With my kids.
With my husband.
And especially with myself.
This Sunday morning, things went a bit awry with Jacob's just-woken-up-and-kind-of-groggy first-thing-in-the-morning pee.
"I'm wet" he called out to me from the bathroom. As I helped him strip off his soggy PJs, I answered his request for "dry pajamas, please Mom" with the rejoinder that since he was getting up anyway, it was best to get dressed for the day, that he should go to the living room and I would bring his clothes in there.
"I want pajamas" he said. Again.
But I didn't listen. I got all practical on him, reminded him it wasn't HE who did the mountains of laundry every week, and I'd be bringing him soft shorts and a T-shirt which were just like pajamas, anyway.
I stepping into the living room, clothes in hand, to find tears streaming down my sweet boy's face. "I want pajamas, Mom" he wailed, "I want to play computer in pajamas."
Now, I knew some of this was autistic rigidity. That the recent tradition of my early-rising boy getting to play undisturbed on the computer for an hour or so while the rest of us lazy sods got an extra hour of sleep on Sunday mornings was somehow tied into wearing his pajamas in his mind -- while getting dressed was probably tied to being rushed through his morning breakfast and hustled downstairs to meet the school bus.
And like a good Autism Mom, I usually try to break up rigidities before they ossify. And just as I was about to get all hard-line with my boy I looked into his eyes, saw how much this meant to him, how much he didn't understand about why I wanted him in clothes.
And I just couldn't do it.
How important was this battle, anyway?
And isn't there something thoroughly delicious about lounging around in pajamas of a Sunday morning? And something about donning clothes that says one has to get down to business and be productive?
Jake understood this. He wanted a REAL Sunday morning. In pajamas.
I hugged him.
I dried his tears with the hem of my nightgown.
I brought him a clean set of PJs.
I set aside my critical mind, the one that said that was ANOTHER pair of pajamas I'd have to wash on Tuesday.
I chose kindness.
Today was a busy day full of to-ing and fro-ing and the thousand little errands that just suck all the time out of a day.
Jake had an early morning dental appointment, so I had to bring him with me to drop Ethan off at school, then take him on the subway all the way downtown to HIS school after the dentist.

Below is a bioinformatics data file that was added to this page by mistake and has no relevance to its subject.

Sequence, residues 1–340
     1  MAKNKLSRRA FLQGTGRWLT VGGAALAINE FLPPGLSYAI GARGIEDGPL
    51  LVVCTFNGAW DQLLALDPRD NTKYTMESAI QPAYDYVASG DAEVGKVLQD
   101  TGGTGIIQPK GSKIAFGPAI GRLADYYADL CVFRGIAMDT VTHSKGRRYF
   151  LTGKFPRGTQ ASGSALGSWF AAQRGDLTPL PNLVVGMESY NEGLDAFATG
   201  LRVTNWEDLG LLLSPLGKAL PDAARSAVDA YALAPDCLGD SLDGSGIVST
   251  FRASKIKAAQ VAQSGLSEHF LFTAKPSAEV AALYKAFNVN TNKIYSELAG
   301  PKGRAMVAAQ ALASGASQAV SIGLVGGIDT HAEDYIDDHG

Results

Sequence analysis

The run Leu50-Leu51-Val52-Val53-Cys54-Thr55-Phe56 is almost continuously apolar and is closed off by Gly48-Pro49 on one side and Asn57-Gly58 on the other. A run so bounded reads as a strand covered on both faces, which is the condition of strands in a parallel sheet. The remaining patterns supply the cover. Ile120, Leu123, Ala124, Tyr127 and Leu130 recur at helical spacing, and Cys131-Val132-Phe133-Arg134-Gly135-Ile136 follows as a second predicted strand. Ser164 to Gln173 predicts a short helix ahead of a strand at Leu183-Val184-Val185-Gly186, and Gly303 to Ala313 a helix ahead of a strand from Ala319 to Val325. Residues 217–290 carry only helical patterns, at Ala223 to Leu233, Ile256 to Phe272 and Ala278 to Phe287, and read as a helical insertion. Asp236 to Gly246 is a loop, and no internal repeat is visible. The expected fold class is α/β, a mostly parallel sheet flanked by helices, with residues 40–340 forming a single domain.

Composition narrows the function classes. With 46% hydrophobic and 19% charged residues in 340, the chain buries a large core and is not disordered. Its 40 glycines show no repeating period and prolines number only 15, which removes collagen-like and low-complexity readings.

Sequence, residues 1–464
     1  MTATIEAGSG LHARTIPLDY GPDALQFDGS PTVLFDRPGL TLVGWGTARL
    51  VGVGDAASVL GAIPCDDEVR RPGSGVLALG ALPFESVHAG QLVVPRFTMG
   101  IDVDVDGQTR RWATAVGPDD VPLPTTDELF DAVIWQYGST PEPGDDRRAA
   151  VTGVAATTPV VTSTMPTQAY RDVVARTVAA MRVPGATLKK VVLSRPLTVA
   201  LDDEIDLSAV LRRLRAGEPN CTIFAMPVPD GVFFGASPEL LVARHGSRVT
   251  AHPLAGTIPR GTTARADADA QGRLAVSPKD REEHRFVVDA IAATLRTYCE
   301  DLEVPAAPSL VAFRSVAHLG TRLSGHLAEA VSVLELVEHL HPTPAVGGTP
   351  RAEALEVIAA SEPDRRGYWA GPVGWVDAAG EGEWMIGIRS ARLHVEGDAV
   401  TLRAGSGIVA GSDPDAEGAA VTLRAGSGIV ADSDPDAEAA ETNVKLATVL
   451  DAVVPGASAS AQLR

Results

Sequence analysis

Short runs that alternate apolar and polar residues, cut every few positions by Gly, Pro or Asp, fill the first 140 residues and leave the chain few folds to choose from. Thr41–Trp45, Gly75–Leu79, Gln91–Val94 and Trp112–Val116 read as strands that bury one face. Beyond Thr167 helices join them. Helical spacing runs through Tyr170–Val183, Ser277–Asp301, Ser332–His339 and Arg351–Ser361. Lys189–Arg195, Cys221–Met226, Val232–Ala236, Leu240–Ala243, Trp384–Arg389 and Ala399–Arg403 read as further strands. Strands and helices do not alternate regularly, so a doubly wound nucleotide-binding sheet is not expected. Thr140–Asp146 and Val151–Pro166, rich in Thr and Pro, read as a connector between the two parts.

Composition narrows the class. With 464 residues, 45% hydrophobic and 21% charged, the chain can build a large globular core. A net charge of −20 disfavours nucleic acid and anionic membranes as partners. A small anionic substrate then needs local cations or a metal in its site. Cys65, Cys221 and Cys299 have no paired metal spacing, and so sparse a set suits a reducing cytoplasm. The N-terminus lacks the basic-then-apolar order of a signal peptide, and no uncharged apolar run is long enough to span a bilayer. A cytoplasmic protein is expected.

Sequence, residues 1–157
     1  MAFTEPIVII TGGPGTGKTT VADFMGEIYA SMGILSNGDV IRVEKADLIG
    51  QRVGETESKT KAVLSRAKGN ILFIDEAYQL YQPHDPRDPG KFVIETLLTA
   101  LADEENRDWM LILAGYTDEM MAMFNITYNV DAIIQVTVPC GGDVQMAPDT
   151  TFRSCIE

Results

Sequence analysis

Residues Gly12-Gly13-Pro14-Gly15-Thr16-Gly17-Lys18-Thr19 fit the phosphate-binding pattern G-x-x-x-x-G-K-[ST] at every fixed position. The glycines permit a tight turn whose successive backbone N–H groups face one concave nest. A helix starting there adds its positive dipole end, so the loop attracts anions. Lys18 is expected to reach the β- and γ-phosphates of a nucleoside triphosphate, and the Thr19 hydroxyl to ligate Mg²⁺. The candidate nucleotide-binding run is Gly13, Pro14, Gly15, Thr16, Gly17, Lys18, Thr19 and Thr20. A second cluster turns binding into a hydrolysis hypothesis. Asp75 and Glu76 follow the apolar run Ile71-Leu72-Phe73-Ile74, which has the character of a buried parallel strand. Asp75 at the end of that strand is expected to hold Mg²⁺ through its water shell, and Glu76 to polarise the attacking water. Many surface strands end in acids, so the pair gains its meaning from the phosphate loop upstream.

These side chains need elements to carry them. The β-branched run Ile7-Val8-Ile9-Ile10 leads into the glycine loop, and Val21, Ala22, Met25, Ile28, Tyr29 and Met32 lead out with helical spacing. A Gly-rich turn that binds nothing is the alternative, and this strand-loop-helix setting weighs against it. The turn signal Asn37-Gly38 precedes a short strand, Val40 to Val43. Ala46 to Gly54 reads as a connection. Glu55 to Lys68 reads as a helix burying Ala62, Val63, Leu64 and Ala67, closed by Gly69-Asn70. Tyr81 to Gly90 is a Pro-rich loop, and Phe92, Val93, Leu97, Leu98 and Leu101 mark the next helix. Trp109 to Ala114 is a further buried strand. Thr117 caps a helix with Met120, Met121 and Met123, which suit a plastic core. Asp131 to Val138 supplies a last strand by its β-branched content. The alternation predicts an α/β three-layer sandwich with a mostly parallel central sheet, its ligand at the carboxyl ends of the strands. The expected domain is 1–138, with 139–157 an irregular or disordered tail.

I had groceries to buy, prescriptions to drop off, prescriptions to pick up. I had to pick up some cheap bathmats to replace the ones the cat keeps peeing on. Etc. Etc. Etc.
You know the kind of day.
In the middle of of it all, I am power-walking past the fancy-shmancy make-up store bluemercury on Broadway, when I suddenly feel compelled to stop in to shpritz myself with "Beach" (yes, the same perfume & store that inspired my Coppertone story).
I am, as usual, make-up less and slightly bedraggled (though, I proudly brag, freshly showered, whoo-hoo!) It is empty inside the store, a slow Monday, so the crew eyeing me up and down very politely ask if I would like a free "freshen up" with the make-up artist.
I'm about to decline, no time, no inclination, when I take a pause. My critical mind is telling me I have 997 errands left, it is telling me that even with all the make-up in the world I will still be overweight and 51 years old. That no one but the cat and my kids is going to see me in my lovely done-up state (the effects having long worn off by the time my husband gets home late from work).
But then I shove all that aside and I think: "Why not?"
I think: "Someone wants to give me something. I get to sit and be pampered for five, maybe ten minutes. Why the hell not?"
So I say "Yes."
"Yes" to the universe.
"Yes" to me.
And, of course, it turns out not just about how a little concealer, eye shadow and lip gloss can make me look like I actually get enough sleep.
It turns out that, if you listen, everybody has a story.
I sat and chatted with the make-up artist, a lovely man named Tony, while he did his magic.
And, me being me, I'm talking about my kids. And autism.
And wouldn't you know that Tony has a young cousin on the autism spectrum, a girl. And wouldn't you know that he has a brother with cerebral palsy. So he is a special needs sibling, himself.
And we talk about group homes and caretaking and independence. And elderly parents.
Which proves you can have a real conversation anywhere, even in this chancel of artifice.
And, yes, I buy a few small things - that concealer really was MAGIC. (You want to know? T. LeClerc. Tres French. Tres chic.)
And I walk out of there feeling, well, refreshed. Glad I took a moment for me, a moment to breathe, to connect with a stranger. Ready to take on errand number 214.
And then, at the supermarket, when the guy in front of me was twenty cents shy of being able to pay for his groceries, I was happy to pull out a quarter, spot him the small change.
Finding the inner critic quieted.
Being kind to myself, and flowing that out into the world.
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